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July 13

“We may see, for example, that our expectations of others have led to disappointment and resentment.”

Sex Addicts Anonymous, page 41

The first time I went on a date with my partner, I had a sense of hopeful anticipation for what the evening and the person would be. It was a brand new experience, and I was open to whatever might happen.

A few months later, however, familiarity had set in, and I had come to have expectations of that person. These expectations helped me to develop the relationship by building on what I learned—a map, of sorts, to our interactions. This was very useful in anticipating, for example, how she wanted her coffee or other small ways to be of service.

But this map also became an obstacle. As I moved from curiosity to expectations, my expectations set limits, creating disappointments when not met. What’s more, my imagination began to enhance the map, adding my own hopes and fantasies about the relationship to my list of expectations, eventually creating a yawning gulf between daydream and reality. The inevitable result was frustration, resentment, and isolation.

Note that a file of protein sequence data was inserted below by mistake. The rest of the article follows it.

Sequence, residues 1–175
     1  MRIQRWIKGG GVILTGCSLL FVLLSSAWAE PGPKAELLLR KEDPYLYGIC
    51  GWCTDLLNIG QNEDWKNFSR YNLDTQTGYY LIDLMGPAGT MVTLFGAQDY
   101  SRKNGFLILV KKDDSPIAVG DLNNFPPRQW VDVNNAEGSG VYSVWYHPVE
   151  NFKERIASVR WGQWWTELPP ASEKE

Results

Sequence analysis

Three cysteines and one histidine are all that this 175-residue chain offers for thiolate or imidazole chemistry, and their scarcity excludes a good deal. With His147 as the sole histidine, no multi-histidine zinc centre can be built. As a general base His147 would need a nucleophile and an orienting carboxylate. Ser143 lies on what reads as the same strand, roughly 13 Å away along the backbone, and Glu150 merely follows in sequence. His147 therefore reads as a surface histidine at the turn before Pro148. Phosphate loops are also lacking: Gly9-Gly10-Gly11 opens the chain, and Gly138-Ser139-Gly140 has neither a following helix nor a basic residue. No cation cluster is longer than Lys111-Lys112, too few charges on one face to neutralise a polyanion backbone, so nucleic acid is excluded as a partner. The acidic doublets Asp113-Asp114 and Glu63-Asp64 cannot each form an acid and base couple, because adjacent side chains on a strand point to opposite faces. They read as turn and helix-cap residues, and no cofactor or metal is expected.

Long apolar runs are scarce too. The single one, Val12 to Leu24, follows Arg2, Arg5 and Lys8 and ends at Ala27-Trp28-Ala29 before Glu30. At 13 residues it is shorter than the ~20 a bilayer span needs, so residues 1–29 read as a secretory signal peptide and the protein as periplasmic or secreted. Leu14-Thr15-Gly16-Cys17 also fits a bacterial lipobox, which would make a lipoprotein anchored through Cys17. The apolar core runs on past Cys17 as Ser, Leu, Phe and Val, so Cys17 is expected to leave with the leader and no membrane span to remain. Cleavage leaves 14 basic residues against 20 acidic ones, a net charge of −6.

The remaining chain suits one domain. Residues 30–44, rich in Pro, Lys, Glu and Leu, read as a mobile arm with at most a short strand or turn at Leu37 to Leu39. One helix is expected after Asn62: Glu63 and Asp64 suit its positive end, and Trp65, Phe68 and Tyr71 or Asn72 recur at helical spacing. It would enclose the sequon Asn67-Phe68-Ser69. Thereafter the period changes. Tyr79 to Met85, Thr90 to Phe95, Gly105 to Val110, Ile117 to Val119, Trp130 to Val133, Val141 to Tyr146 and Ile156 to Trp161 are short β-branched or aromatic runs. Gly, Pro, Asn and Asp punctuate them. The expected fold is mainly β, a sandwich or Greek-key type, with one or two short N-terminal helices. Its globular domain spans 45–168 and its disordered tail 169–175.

Living with expectations may be unavoidable, but releasing others from their obligations to meet my expectations is a step towards freedom for them and for me. Learning to live with open awareness and a little wide-eyed, hopeful wonder can dissolve barriers and unlock choices. I can pray for the willingness, then practice being a loving partner, and let the consequences be what they will.

Just for today, help me be open to the opportunities for life that await me.